An 18-year-old man executed a Native American couple who stopped to help him on a Montana roadside Wednesday because their daughter "laughed" at him, an FBI agent said in court Thursday.
Jason Shane, 51, and Tana Shane, 47, died Wednesday following the shooting on an Indian reservation in the small town of Pryor, and their daughter, 26-year-old Jorah Shane, was shot in the back when she tried to run away, the woman's aunt, Ada Shane, told The Associated Press. Jesus Deniz, also known as Jesus Deniz Mendoza, of Worland, Wyo., told federal investigators he shot the three, who had stopped to help him because Jorah Shane laughed at him.
“Deniz told the interviewing agents that he shot the victims because he was getting tired of waiting around, and because the daughter laughed at him,” a court document submitted by federal authorities said. The FBI and Bureau of Indian Affairs are handling the investigation because the murders occurred on an Indian reservation and the victims were members of the Crow tribe.
FBI agents say Deniz, a Mexican national and green card holder, “admitted to shooting three people with a .22-caliber rifle and then driving away from the scene in the victims’ vehicle.”
“Deniz told the interviewing agents that he shot the victims because he was getting tired of waiting around, and because the daughter laughed at him.”
- Court document submitted by FBI
The family came to help Deniz, who had run out of gas, after Tana Shane spotted him on her way home and went to her house just 50 yards away to get her husband and daughter, according to the Billings Gazette.
But when the trio approached the suspect, Deniz “pointed a gun at them, and told them to get out of their car,” and then demanded money, the complaint states. When the couple said they had only change because they recently returned from a religious revival in Window Rock, Ariz., Deniz told them to “start walking,” the complaint says. Jorah Shane told investigators she heard gunshots and her mother telling her in Crow to run.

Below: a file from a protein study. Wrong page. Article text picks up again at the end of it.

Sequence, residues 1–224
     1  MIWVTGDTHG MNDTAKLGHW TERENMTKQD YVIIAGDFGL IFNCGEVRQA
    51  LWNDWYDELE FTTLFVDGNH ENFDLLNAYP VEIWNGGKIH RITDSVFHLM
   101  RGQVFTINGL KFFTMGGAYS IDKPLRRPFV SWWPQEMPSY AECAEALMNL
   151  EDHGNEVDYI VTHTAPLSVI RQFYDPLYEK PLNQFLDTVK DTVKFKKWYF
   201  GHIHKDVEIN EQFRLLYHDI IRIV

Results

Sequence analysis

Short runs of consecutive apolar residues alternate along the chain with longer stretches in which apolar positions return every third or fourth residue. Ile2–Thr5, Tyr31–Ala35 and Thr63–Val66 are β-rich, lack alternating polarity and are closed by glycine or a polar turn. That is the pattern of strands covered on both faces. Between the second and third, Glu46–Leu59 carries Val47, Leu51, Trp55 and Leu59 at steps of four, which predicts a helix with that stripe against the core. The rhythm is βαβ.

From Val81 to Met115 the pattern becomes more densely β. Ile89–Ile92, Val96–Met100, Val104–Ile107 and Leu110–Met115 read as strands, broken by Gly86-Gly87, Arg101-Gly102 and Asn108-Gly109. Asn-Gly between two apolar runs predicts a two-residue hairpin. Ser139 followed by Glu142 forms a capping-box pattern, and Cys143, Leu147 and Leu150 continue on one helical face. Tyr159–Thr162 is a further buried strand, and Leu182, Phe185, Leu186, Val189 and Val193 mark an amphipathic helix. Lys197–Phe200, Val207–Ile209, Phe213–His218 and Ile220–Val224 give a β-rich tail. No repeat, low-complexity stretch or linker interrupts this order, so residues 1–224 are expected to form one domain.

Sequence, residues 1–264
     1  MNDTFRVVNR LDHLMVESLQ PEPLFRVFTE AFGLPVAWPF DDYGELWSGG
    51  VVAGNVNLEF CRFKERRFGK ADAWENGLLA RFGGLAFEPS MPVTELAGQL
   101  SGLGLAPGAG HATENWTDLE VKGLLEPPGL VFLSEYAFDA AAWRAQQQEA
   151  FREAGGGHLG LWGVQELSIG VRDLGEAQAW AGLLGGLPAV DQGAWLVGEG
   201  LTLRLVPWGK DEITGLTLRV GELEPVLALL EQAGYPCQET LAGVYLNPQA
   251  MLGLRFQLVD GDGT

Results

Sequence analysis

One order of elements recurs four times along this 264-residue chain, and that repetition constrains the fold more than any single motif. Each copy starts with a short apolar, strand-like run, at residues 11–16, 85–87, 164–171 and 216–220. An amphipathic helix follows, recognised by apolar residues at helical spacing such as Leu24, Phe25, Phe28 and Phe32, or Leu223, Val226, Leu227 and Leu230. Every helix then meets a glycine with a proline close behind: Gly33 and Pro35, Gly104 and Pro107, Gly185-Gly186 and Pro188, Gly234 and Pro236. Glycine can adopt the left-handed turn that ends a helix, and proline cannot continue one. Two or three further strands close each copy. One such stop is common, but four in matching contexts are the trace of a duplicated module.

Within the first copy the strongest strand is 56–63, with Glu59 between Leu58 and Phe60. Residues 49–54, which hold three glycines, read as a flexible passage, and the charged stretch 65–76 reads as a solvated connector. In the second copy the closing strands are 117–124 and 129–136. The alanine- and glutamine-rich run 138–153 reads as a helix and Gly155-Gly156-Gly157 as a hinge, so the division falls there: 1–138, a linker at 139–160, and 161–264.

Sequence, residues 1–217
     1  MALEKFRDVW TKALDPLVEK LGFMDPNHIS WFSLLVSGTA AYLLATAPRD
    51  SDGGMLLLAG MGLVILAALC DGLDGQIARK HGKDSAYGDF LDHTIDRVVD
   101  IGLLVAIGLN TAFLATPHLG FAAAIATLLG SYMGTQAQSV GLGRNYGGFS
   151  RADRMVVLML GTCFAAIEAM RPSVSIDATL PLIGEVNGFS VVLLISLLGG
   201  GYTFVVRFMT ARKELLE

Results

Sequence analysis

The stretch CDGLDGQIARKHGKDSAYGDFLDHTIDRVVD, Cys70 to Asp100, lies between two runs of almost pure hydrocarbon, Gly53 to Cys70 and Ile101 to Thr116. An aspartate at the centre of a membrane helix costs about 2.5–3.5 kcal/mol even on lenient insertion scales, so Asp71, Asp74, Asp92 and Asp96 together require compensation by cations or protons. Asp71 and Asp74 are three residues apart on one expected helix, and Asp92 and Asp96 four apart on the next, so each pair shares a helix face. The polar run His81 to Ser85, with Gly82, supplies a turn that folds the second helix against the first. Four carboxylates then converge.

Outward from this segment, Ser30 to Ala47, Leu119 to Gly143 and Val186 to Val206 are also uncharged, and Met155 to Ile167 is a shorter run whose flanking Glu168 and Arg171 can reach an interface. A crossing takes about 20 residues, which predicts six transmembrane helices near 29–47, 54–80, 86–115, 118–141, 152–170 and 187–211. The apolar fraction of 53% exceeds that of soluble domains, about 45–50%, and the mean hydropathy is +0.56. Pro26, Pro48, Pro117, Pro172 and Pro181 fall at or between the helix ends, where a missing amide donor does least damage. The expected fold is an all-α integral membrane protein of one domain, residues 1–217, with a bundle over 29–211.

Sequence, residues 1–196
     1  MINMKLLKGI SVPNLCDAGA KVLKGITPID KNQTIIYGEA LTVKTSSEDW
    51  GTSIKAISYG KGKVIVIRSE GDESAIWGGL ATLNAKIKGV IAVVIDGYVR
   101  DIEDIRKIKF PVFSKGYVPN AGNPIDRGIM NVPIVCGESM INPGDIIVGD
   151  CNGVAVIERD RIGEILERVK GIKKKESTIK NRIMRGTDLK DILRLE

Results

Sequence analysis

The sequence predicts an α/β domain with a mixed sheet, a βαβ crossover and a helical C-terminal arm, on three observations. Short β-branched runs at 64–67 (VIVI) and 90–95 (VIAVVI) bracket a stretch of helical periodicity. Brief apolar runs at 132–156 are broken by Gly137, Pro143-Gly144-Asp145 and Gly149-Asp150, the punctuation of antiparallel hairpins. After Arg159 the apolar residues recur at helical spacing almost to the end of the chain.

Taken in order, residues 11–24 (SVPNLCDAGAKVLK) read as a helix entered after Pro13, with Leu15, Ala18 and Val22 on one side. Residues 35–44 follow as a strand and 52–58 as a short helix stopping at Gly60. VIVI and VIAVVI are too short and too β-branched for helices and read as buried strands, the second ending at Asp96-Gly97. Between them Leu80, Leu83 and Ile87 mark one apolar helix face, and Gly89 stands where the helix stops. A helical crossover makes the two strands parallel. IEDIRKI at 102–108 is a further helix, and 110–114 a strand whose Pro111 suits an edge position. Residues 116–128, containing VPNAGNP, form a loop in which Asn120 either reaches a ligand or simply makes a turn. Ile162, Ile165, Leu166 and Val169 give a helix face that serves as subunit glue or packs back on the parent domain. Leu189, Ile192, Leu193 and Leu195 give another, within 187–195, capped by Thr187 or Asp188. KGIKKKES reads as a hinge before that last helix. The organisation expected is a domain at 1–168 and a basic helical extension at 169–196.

As she ran, she “felt blood running down her face,” which was the result of a bullet wound, according to the document.
“She heard another gunshot and felt a bullet hit her in the back,” the complaint says. Jorah Shane then watched helplessly as the suspect drove away in the family’s car, but her calls for help were heard by several people at the nearby St. Charles Mission School.
Deniz, who was out on bond after being arrested last month for burglary in Wyoming, was nabbed 120 miles away near Meeteetse, Wyo., early Wednesday afternoon. He was being held in Park County, Wyo., pending an appearance at 3 p.m. Friday in front of U.S. Magistrate Judge Carolyn Ostby in Billings.
A Department of Homeland Security official said Deniz was legally admitted into the U.S. on May 31, 2013. Immigration and Customs Enforcement officials were aware of the burglary charge, but cannot deport Deniz unless or until he is convicted of a crime.
“This individual does not have any criminal convictions, and, as a permanent resident, is not currently removable," ICE said in a statement. "Thus, an ICE detainer cannot be placed on the individual at this time. However, ICE is closely monitoring this case and coordinating with local authorities. If he is convicted for a criminal offense that allows him to be removed from the country, after the completion of sentence, ICE intends to take him into custody and pursue his removal from the United States."
Jorah Shane, who has four sisters and two brothers, did not know her parents were dead before she went into surgery Wednesday night for the bullet lodged in her spine, according to the Gazette.
"Last night before she went in, she told everyone to go look for her mom, she's hiding in the field," Ada Shane told the newspaper.
Ada Shane said it was just like her brother and his wife to help a stranger.
On Wednesday morning, Tana Shane drove by a young man who said he had run out of gas on the road less than 50 yards from her home, Ada Shane said.
"Both my brother and sister-in-law have big hearts," she said. "They're always helping someone else."
The Associated Press contributed to this report